5.3 Case Study: Mapping Exercise by Geneva Call
The widespread violence against the civilians in Mali and the difficulty in appealing to armed non-state actors that largely reject the ‘Western humanitarian values’ resulted in the need for a new approach, namely the ‘common ground’ approach, as opposed to imposing Western rules on the armed non-state actors. 106
An illustration of the application of the receptor approach to ihl can be the exercise carried out by Geneva Call between 2018–2019 in the communities of Mopti and Gao in Mali. This exercise consisted of local level community consultations in 2018 and round table discussions held between 16 and 17 April 2019 in Bamako in Mali. This double consultation with local actors allowed for the identification of the societal values which corresponded to the relevant provisions in ihl relating to the protection of civilians. Although Geneva Call does not refer to the receptor approach in its methodology, it is argued here that the mapping exercise focusing on the ‘socle commun’ is precisely the application of the receptor approach to humanitarian law.
The hypothesis underling the exercise was that relying on local traditions and principles, including religious values, might have wider resonance with the local armed non-state actors and thus could enhance ihl compliance. Juxtaposing the local values with modern ihl strengthens the message of the need for civilian protection. In their study, Geneva Call relied on ancient community rules as receptors. ‘The receptor approach in the field of human rights assumes that international human rights will be most effective if they are able to lock on to socio-cultural receptors in diverse cultures, which will allow them to play a role in the societies concerned’. 107 Similarly, through the receptor approach, Geneva Call is able to appeal to the local armed non-state actors in a more meaningful way if they refer to the ‘common ground’ by which they mean local values and customs stemming from the diverse community of rules which helped organise life under kingdoms and empires in the ancient times. 108 These rules include regulations governing the communal relationships in the area of trade and commerce, occupation of territory and distribution of goods and natural resources (including the protection of civilians in the event of conflicts).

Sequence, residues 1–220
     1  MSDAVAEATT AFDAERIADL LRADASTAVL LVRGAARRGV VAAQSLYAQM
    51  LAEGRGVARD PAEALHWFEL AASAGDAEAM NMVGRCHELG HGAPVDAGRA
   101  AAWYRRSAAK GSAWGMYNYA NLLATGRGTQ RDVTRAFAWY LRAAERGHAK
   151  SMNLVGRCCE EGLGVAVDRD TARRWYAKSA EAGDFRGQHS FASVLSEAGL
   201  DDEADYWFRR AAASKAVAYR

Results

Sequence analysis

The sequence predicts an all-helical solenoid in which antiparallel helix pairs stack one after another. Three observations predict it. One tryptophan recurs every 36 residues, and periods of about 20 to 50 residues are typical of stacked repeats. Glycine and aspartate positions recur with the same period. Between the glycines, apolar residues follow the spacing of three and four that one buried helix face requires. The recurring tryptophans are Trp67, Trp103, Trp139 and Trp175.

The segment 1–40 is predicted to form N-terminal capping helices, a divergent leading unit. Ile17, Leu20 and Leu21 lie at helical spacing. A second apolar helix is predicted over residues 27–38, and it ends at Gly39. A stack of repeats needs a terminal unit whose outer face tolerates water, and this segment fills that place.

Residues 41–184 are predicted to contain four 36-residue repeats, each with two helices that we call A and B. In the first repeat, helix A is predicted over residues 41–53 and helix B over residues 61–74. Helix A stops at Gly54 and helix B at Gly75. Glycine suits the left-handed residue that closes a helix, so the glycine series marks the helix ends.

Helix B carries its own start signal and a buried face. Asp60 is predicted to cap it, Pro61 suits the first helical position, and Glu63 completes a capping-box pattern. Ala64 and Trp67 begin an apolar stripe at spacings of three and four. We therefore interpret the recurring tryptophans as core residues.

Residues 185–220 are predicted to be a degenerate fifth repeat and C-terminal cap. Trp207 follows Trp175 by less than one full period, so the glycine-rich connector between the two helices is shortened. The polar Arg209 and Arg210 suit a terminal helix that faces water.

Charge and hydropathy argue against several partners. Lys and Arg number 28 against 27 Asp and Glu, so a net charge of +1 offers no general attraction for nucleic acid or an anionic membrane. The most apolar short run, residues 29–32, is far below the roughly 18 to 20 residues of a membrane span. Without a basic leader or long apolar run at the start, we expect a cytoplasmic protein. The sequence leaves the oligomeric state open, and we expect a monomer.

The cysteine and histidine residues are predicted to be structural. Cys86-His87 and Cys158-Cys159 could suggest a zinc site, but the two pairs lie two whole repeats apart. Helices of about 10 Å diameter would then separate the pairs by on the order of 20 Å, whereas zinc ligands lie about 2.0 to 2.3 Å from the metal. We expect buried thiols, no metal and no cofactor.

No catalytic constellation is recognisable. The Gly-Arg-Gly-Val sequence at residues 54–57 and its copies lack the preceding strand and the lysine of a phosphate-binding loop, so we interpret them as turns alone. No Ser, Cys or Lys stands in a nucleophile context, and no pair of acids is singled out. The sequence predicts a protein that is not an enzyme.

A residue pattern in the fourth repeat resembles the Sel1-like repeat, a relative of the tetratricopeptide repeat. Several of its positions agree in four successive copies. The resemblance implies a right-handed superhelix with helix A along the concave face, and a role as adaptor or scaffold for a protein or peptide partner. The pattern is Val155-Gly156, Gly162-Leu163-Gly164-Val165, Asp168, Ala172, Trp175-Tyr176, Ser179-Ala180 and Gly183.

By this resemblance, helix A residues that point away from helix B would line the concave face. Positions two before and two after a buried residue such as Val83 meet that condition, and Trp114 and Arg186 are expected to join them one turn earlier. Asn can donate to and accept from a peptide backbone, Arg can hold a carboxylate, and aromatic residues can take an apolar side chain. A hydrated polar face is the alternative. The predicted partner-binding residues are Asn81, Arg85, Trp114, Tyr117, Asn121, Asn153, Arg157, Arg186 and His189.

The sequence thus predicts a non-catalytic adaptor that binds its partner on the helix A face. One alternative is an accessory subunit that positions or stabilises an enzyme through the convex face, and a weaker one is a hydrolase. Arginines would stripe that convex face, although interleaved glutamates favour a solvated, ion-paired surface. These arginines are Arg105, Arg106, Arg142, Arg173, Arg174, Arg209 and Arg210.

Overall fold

The round table under Chatham House rules that followed had the objective of identifying the points of convergence or divergence between several sources of law (ihl, Islamic Law, customary law and social standards in the broad sense) concerning the protection of persons not taking direct part in hostilities. The round table discussions and presentations covered the topics of social norms (traditions and proverbs), the history of the empires and kingdoms conveyed by the oral tradition and the teachings on behaviour in armed conflicts. Geneva Call identified 60 participants for the purposes of further community consultations. Representatives of youth organisations, women groups, religious leaders and local authorities were invited to share their views. After the community consultations, the second phase of round table discussions took place, this time involving experts in the field of sociology, communication, law, Islamic studies and members of Geneva Call. Members of the first local community consultations were also invited to participate.
Based on the community consultations and round table talks Geneva Call was able to identify the relevant traditional rules and principles for the purposes of identifying the ‘common ground’ with modern ihl rules. It is suggested that in this way, the receptor approach was effectively applied to ihl. A significant challenge which remains to be addressed in the future is integrating the diversity within each community and considering the evolving nature of societal norms and rules. The pragmatic aim of the mapping exercise conducted by Geneva Call was to draw the attention of the armed non-state actors to the rules governing the conduct in warfare of their ancestors from pre-colonial times in order to enhance compliance with ihl in niacs. It is argued here that the real challenge, but also the added value comes with the distinctiveness of the rules in each traditional society, and with the need to identify the authentic values and cultural practices each time, as opposed to transplanting the contents of the previous training with an armed group in one society to another training. Only a meticulous study of the relevant traditional principles and a careful comparative exercise with modern rules of ihl, has the potential of influencing the behaviour of armed non-state actors in contemporary niacs, which effectively involves discarding the considerations of universality in ihl dissemination.
5.4 Limitations of Applying the Receptor Approach to ihl